12 Types of Insurance Doctors Need to Consider

If your family or loved ones rely on your income, having the right insurance coverage is the key to your household’s financial health. As a high-income earner, you may be your family’s breadwinner, but even if you aren’t, carrying insurance is a good idea.

A fiduciary financial advisor or insurance agent can help you evaluate your needs and recommend the best insurance products for your situation. As a medical professional, you likely have unique insurance needs that the general public doesn’t have to consider.

We’ve researched several different insurance plans medical professionals may need. Keep reading to discover what these policies cover and how they can provide peace of mind in your career and personal life.

Why Do Doctors Need Insurance?

Doctors need insurance because their assets and professional responsibilities can open them to significant financial liabilities.

Doctors, dentists, and other healthcare professionals earn significantly more than most Americans, but higher incomes aren’t always the salve for all financial problems. Physicians’ higher incomes afford them greater protection through insurance coverage they may otherwise not consider.

Similarly, doctors and dentists may be business owners if they work in private practice.

More disposable income may equate to more assets or dependents, both worthy of protection. The right coverage options allow you to operate your medical practice and support your family confidently.

What Types of Insurance Do Doctors Need?

Doctors and healthcare providers need various types of insurance to ensure they can smoothly operate in their field.

For the sake of this article, we’ve broken down your coverage options into personal and business insurance.

Personal Insurance

Personal insurance protects you and your family if a medical event compromises your ability to earn an income or pay your expenses.

1. Health Insurance

As a physician, you know the importance of health insurance better than anyone. Even if you are as healthy as a horse and possess significant savings, one major accident, illness, injury, or diagnosis could lead you to financial ruin.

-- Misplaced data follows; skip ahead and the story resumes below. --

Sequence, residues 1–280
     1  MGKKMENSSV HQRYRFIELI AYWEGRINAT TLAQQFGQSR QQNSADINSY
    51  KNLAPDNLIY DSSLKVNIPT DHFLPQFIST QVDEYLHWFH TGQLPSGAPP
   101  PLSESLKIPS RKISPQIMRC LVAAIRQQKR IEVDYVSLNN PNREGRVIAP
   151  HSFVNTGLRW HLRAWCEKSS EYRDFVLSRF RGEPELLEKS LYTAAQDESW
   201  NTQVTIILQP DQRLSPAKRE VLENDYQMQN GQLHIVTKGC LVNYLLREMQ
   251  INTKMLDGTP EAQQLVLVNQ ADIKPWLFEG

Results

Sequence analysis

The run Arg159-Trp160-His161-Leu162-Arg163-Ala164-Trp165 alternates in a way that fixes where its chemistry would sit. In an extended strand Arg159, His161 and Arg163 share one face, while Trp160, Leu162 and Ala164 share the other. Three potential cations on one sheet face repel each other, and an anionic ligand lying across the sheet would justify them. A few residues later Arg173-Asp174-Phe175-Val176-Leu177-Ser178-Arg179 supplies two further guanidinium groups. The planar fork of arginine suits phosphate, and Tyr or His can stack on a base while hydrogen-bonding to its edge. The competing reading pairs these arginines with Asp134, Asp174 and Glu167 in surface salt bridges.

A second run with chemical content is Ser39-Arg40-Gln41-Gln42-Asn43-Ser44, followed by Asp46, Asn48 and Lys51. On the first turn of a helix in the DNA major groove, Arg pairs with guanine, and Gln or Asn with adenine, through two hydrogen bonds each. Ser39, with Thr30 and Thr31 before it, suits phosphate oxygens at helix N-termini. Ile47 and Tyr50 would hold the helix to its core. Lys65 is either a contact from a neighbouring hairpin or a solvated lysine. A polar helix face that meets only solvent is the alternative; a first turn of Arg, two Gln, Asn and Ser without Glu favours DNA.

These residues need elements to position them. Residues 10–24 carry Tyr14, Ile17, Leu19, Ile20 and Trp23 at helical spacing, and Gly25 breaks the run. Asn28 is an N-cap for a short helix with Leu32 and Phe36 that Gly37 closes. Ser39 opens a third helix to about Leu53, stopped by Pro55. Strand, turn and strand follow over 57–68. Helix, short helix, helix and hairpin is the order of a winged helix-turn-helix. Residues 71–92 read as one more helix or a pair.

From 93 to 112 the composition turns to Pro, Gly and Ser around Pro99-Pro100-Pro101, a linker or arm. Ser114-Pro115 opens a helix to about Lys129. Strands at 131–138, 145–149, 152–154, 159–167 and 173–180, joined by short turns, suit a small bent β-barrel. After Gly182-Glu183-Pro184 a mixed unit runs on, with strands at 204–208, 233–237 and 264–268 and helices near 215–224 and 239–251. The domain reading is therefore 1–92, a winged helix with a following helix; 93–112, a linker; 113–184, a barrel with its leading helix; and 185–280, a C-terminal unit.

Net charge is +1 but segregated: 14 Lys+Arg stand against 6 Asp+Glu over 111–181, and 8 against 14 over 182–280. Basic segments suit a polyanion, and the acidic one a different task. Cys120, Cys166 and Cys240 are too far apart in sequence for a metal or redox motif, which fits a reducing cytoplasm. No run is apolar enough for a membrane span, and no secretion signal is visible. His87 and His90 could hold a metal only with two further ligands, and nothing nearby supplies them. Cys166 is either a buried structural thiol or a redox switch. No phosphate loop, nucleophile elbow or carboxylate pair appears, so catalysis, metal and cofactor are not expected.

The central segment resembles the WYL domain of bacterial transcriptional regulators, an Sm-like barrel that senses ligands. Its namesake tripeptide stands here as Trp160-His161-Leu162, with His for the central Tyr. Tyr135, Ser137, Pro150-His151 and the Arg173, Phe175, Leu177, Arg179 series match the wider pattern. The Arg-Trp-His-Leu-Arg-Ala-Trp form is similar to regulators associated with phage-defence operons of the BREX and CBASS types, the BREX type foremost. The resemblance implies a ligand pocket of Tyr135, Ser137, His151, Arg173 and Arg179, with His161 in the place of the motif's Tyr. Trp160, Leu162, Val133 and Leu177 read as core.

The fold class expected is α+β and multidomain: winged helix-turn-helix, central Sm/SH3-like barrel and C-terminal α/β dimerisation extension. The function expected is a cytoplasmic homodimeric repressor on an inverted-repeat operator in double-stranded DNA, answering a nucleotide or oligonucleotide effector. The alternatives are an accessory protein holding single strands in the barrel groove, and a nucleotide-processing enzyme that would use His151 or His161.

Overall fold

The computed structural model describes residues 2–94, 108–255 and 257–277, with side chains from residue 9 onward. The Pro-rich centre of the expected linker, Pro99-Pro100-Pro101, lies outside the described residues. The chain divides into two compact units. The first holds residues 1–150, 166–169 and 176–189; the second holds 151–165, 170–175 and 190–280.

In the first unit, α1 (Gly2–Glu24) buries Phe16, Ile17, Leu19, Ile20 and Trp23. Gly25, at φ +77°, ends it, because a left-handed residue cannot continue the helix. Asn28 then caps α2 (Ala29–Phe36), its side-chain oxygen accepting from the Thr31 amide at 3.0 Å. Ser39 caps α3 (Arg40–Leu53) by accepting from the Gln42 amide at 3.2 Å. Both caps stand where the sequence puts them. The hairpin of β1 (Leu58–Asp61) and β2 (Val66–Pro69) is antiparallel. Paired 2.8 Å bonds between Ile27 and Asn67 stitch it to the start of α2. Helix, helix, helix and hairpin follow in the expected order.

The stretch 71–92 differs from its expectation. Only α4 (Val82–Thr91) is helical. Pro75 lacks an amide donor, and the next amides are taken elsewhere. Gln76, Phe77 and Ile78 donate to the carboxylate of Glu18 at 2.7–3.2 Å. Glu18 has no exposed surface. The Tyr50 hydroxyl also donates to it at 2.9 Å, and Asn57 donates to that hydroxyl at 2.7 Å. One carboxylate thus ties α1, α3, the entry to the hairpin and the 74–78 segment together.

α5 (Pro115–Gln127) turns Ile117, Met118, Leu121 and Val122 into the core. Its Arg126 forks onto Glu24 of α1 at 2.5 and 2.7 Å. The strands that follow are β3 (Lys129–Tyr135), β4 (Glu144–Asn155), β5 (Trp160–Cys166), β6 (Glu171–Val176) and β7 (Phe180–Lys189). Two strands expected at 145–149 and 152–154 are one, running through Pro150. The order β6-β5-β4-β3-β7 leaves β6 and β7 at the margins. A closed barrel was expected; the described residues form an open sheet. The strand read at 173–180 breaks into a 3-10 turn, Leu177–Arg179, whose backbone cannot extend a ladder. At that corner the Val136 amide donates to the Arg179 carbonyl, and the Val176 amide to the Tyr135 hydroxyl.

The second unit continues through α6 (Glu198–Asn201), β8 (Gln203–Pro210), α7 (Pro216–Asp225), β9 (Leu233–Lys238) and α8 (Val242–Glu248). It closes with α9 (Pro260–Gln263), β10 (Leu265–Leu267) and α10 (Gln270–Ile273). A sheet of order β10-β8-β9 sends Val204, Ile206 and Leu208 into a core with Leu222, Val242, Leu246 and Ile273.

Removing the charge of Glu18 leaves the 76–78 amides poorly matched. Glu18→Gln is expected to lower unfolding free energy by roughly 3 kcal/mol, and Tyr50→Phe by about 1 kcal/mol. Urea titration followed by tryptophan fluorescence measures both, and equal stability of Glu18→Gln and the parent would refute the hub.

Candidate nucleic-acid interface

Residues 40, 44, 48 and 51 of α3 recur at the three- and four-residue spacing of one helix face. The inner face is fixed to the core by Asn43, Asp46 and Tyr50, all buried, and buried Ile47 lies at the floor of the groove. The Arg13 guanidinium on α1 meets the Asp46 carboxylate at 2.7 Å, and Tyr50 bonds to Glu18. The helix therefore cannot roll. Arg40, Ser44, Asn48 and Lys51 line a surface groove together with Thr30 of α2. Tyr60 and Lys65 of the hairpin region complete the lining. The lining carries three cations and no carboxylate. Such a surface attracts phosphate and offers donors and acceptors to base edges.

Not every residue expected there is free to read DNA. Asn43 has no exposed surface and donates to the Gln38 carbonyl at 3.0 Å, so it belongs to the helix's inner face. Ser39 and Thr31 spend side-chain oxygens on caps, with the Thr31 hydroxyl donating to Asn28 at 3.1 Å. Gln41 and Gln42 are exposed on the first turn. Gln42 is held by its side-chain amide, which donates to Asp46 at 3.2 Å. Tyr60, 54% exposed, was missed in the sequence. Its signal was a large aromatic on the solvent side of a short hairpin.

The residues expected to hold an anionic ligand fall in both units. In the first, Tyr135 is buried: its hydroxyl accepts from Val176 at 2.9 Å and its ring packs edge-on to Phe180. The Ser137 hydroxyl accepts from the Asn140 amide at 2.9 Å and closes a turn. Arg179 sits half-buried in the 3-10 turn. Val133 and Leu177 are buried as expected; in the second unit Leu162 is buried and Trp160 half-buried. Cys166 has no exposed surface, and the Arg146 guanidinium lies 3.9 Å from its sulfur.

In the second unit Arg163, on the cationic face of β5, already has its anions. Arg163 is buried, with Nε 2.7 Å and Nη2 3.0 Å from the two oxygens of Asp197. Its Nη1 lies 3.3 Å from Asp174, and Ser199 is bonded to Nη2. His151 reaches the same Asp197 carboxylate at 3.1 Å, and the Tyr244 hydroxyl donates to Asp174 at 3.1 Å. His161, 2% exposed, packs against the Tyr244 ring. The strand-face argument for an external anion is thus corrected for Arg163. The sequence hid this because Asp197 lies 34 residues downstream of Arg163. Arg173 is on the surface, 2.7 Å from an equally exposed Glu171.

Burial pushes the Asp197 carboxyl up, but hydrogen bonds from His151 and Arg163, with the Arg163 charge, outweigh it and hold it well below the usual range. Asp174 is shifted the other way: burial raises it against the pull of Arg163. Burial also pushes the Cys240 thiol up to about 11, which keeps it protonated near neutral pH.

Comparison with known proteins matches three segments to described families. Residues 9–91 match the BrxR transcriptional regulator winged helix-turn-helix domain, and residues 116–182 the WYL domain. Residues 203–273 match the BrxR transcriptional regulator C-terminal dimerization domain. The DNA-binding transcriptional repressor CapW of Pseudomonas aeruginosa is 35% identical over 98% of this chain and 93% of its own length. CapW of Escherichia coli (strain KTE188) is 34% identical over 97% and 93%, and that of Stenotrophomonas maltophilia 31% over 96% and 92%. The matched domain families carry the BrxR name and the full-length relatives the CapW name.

It’s also a safeguard for the medical professionals who treat you because insurance pays them directly for covered expenses. Carrying the right healthcare insurance allows you and your loved ones to seek preventive care and take necessary treatment steps without considering the costs.

2. Life Insurance

Life insurance protects your loved ones and dependents when you pass away. While it cannot bring you back from the dead, it can ease the financial burdens on those who mourn you.

Term life insurance is affordable insurance that pays out tax-free benefits if you pass away during the period outlined in the policy.

Permanent life insurance can be more expensive, but it provides coverage for your lifetime. This type of insurance often has a built-in savings component that gives it a cash value. Investing in permanent life insurance can diversify your portfolio and maximize the tax-free assets your loved ones inherit with your estate.

3. Disability Insurance

Many people know about the importance of life insurance but fail to consider the benefits of disability insurance. Disability insurance replaces some of your income if you cannot work for an extended period.

A disability insurance policy is a must to protect yourself from financial burdens if you have an accidental injury or illness.

Most insurance companies will allow you to purchase policies that replace as much as 60% of your income up to $20,000 per month.

For this reason, disability insurance is a solid and important investment.

4. Critical Illness Insurance

Critical illness insurance pays out a tax-free lump sum if you are diagnosed with a qualifying major illness, such as cancer or heart disease. It isn’t contingent on your ability to work, but it can give you and your family more flexibility as you recover.

It can also allow you to access additional care or make necessary home improvements to accommodate your condition.

5. Long-term Care Insurance

While many Americans can use Medicare to pay for long-term care and other medical expenses if they can’t work, it’s not always the best choice for high-income earners like physicians because there are asset tests.

If you don’t have long-term care insurance, Medicare may require you to surrender your assets to qualify, leaving your loved ones with nothing when you pass on.

Long-term care insurance protects you and your family if you experience a life-changing injury or illness at any age. This type of insurance can give you access to residential facilities and in-home care.

6. Homeowners Insurance

The law doesn’t require homeowners insurance, but it’s typically a stipulation of many mortgage lenders.

With that said, homeowners insurance is essential for residential properties because it protects the owner from liability if someone is injured. It covers repair and rebuilding expenses for catastrophic structural damages.

Business Insurance

Business insurance protects you if a complaint, injury, natural disaster, accident, or other event impacts your ability to operate your business.

7. Practice Overhead Insurance